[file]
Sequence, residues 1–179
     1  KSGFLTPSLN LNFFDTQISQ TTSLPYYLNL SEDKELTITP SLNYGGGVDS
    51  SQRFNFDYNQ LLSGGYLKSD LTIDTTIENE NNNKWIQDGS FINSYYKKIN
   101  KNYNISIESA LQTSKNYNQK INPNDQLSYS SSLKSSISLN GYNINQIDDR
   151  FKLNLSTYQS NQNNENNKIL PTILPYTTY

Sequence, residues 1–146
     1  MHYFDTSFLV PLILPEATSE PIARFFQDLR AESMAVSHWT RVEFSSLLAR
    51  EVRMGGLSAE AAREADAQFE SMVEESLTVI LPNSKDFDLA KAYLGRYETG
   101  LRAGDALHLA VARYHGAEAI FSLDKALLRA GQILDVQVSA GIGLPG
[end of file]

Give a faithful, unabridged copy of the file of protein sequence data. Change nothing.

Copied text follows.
Sequence, residues 1–179
     1  KSGFLTPSLN LNFFDTQISQ TTSLPYYLNL SEDKELTITP SLNYGGGVDS
    51  SQRFNFDYNQ LLSGGYLKSD LTIDTTIENE NNNKWIQDGS FINSYYKKIN
   101  KNYNISIESA LQTSKNYNQK INPNDQLSYS SSLKSSISLN GYNINQIDDR
   151  FKLNLSTYQS NQNNENNKIL PTILPYTTY

Sequence, residues 1–146
     1  MHYFDTSFLV PLILPEATSE PIARFFQDLR AESMAVSHWT RVEFSSLLAR
    51  EVRMGGLSAE AAREADAQFE SMVEESLTVI LPNSKDFDLA KAYLGRYETG
   101  LRAGDALHLA VARYHGAEAI FSLDKALLRA GQILDVQVSA GIGLPG